Lobster Tail Nutrition: How Healthy is Lobster Tail?

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lobster tail cooked and ready to eat


Seafood in general is long hailed as some of the healthiest food we can eat. But we all know that almost any food when eaten in excess may not be healthy for our bodies. We hear a lot of questions about lobster meat, particularly lobster tail, and its nutritional value. Is Maine lobster healthy? If so, what health benefits does this shellfish provide? We’ve unpacked all the information about the nutritional value of lobster meat.

Lobster Tail Nutrition at a Glance

Before we dive into the details of lobster and lobster tail, let’s start off with simple nutrition facts. These nutrition facts are pulled straight from the United States Department of Agriculture (USDA) FoodData Central database, and they’re based on a 3-ounce portion of lobster meat:

    • Calories: 65.4
    • Protein: 14 g
    • Carbohydrates: 0 g
    • Total fat: Less than 1 g
    • Dietary fiber: 0 g
  • Cholesterol: 108 mg
    • Water: 68.8 g
    • Sodium: 360 mg
    • Potassium: 170 mg 
    • Calcium: 71.4 mg 
    • Magnesium: 32.3 mg 
    • Zinc: 3 mg 
  • Vitamin B-12: 1.06 µg
  • Vitamin D: 1 IU
  • Selenium: 63.6 µg

Benefits of Lobster Tail

Now, let’s go a little deeper into the potential health benefits of lobster tail.

Dietary Support

If you haven’t yet, check out the nutrition facts of lobster we listed above. As you can see, a small portion of lobster contains an excellent amount of protein while being a low-fat, low-carb, and low-calorie food. For those watching fat, carbs, and protein, lobster gives balanced nutrition. It’s also low in saturated fat, which is one of the bad fats that’s considered risky for heart health.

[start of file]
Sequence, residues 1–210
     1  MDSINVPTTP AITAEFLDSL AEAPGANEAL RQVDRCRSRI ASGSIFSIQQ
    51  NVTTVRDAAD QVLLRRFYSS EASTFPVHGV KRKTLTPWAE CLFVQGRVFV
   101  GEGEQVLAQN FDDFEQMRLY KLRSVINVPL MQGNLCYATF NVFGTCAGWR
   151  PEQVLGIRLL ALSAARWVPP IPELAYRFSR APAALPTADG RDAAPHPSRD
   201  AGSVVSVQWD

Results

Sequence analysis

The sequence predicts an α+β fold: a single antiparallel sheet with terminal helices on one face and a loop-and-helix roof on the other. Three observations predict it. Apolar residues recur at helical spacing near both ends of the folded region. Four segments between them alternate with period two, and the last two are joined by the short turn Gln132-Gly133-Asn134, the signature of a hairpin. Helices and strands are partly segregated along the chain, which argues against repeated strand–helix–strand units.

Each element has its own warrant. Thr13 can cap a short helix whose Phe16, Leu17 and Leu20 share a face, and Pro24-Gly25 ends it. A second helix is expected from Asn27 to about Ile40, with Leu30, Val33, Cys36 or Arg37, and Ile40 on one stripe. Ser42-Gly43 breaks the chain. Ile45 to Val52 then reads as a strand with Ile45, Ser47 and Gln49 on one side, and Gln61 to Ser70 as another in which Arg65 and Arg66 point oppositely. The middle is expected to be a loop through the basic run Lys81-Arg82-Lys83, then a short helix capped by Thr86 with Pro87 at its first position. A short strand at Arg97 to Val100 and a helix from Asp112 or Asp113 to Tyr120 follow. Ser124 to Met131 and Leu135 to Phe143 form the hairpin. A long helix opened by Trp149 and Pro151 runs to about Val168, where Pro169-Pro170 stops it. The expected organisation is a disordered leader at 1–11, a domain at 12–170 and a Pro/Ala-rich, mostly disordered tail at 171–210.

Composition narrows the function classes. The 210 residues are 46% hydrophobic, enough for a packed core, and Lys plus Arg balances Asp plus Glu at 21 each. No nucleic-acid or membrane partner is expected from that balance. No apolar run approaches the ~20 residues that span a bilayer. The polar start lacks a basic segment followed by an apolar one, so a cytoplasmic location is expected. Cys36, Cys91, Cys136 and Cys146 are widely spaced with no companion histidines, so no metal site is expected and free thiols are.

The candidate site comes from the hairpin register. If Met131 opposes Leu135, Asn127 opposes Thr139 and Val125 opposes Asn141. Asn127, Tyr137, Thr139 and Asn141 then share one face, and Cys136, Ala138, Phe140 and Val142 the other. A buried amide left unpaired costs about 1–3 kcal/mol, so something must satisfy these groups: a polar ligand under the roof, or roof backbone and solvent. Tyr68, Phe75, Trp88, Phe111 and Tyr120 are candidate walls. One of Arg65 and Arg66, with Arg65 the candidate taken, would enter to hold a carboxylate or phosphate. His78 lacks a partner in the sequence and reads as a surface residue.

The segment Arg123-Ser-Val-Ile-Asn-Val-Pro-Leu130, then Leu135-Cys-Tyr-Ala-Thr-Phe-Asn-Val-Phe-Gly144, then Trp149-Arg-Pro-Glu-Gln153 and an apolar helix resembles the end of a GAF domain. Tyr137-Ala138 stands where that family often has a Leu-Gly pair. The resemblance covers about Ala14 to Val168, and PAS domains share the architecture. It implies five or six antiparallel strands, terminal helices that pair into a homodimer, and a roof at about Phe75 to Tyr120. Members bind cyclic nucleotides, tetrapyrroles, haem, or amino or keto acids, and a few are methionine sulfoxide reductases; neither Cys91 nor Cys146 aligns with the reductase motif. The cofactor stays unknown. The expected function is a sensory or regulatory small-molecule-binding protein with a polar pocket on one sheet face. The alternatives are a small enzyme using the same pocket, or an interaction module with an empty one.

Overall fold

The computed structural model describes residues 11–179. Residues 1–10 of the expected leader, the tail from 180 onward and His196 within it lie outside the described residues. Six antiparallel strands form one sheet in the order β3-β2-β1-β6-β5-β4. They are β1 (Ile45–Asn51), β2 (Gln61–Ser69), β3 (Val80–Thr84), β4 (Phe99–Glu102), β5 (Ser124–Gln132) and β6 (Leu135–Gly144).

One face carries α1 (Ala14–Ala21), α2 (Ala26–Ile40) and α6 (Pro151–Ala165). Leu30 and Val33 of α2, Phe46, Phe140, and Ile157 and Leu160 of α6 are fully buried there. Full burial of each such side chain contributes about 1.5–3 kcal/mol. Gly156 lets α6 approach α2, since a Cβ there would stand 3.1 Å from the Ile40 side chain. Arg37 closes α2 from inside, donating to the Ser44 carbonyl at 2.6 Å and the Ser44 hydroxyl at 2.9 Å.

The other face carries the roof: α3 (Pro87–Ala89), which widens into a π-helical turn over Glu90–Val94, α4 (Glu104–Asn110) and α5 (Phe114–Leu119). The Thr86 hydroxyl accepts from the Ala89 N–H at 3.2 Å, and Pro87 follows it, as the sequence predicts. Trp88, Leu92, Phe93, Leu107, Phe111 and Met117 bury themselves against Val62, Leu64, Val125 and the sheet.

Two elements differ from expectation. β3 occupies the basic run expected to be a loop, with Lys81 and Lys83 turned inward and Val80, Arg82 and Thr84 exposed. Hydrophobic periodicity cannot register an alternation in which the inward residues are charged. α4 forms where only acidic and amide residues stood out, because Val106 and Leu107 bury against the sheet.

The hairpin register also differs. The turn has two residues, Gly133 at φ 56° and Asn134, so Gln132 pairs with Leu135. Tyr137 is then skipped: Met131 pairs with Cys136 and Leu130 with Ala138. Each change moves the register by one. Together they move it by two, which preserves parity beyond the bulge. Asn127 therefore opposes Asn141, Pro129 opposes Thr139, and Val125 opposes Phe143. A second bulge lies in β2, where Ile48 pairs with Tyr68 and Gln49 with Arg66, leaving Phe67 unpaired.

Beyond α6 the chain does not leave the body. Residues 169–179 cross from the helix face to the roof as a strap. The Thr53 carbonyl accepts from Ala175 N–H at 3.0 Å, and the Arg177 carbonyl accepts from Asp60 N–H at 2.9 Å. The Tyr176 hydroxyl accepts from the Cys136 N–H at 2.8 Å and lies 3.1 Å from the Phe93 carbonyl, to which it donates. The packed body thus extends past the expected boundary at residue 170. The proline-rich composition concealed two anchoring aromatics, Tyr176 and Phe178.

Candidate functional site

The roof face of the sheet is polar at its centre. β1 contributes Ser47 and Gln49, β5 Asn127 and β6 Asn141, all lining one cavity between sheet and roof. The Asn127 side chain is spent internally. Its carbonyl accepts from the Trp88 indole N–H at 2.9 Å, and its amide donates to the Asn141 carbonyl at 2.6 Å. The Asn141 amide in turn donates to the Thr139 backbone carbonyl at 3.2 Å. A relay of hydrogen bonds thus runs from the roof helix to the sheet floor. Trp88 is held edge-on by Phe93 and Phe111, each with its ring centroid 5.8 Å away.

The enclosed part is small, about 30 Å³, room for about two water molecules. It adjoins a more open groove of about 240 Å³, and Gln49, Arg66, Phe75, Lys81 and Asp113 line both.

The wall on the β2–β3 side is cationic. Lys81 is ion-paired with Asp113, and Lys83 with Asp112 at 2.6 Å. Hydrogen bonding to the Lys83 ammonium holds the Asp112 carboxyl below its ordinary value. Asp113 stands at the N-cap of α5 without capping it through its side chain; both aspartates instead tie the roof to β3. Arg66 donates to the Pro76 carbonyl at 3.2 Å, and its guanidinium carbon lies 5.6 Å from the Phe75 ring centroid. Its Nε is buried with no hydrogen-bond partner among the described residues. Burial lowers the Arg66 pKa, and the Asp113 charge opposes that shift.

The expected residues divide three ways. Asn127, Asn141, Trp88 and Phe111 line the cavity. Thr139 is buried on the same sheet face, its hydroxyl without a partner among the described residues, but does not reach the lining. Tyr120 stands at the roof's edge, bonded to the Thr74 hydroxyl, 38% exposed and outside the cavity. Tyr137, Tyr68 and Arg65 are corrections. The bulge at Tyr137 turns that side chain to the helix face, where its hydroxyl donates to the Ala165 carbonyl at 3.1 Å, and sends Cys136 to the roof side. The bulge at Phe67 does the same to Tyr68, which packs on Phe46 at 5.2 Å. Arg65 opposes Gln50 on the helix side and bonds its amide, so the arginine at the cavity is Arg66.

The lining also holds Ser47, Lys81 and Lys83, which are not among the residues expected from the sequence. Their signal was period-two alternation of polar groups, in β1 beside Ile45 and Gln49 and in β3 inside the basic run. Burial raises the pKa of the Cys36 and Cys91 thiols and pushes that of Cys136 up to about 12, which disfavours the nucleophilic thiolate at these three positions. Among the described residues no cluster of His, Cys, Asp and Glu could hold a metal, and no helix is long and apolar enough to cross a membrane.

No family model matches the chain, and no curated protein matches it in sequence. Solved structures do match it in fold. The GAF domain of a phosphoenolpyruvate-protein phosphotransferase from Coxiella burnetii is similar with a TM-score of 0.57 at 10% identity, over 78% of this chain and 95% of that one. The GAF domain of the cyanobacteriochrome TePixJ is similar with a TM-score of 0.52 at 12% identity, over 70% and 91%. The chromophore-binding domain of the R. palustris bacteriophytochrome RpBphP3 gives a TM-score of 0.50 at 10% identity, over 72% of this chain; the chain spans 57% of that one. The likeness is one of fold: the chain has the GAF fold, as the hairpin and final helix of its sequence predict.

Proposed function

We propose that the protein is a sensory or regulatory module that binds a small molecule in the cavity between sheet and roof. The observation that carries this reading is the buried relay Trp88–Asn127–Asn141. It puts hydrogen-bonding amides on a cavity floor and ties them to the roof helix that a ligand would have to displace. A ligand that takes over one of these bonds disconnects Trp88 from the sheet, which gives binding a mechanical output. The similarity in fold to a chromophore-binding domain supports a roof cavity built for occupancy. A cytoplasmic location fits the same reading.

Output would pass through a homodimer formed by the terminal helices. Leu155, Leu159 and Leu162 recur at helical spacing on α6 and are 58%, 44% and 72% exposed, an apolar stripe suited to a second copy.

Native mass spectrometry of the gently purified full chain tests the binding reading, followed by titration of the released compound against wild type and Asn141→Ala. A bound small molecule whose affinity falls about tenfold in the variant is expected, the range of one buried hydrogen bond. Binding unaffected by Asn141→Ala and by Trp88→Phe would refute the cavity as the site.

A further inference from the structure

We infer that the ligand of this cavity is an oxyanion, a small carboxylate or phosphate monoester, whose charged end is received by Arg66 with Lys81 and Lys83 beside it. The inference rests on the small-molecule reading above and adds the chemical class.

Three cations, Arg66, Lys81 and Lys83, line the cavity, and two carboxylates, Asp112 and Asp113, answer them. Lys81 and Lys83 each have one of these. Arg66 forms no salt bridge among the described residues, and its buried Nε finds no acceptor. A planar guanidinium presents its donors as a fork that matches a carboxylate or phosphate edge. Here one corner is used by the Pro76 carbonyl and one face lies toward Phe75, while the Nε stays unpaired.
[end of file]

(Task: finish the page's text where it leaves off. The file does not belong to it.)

Hormone Support

According to the Ohio State University’s Wexner Medical Center’s Lauren Blake, selenium, iodine, Vitamin D and Vitamin B-12 are all important for thyroid function. The thyroid regulates several bodily processes, including metabolism and hormone support. Lobster is a good source of all four, and it has one of the highest concentrations of iodine compared to other crustaceans.

Immune System Support

Zinc supports immunity, and the average adult should get between 8 and 11 mg in their diet each day. A 3-ounce portion of lobster gives 3 mg alone, making it an excellent source of dietary zinc. 

Mental Health Support

Like most seafood, lobster contains omega 3 fatty acids. Not only is this good fat healthy for your heart, but it could also improve your mental health and cognitive function. Research has shown omega-3s to support cognitive function in aging adults and have potential benefits for those with mood disorders.

Lobster and Allergies

Lobster tail is packed with health benefits. But that doesn’t mean it’s something everyone should eat. Seafood allergies affect roughly 6.6 million Americans, and many of those allergies are from shellfish, like lobster meat. Unfortunately, you may not know you have an allergy until you try lobster for the first time.

Allergy symptoms can vary depending on the severity of your allergy. Less severe symptoms include vomiting, hives, and diarrhea, while more severe allergies can cause lip and tongue swelling and difficulty breathing.

Preparing, Cooking, and Storing Lobster Safely

Lobster is one of those things that’s extremely important to cook correctly. If not, the health benefits of lobster won’t do much good. The most important part of safe lobster preparation is ensuring that it’s fully cooked. Undercooked lobster meat can make you susceptible to ingesting bacteria that hasn’t been cooked out, which can make you ill.

Cooked lobster meat should come to an internal temperature of 140 degrees. This ensures that the lobster meat is cooked through to a temperature that kills off the bacteria and makes it less risky for you to consume.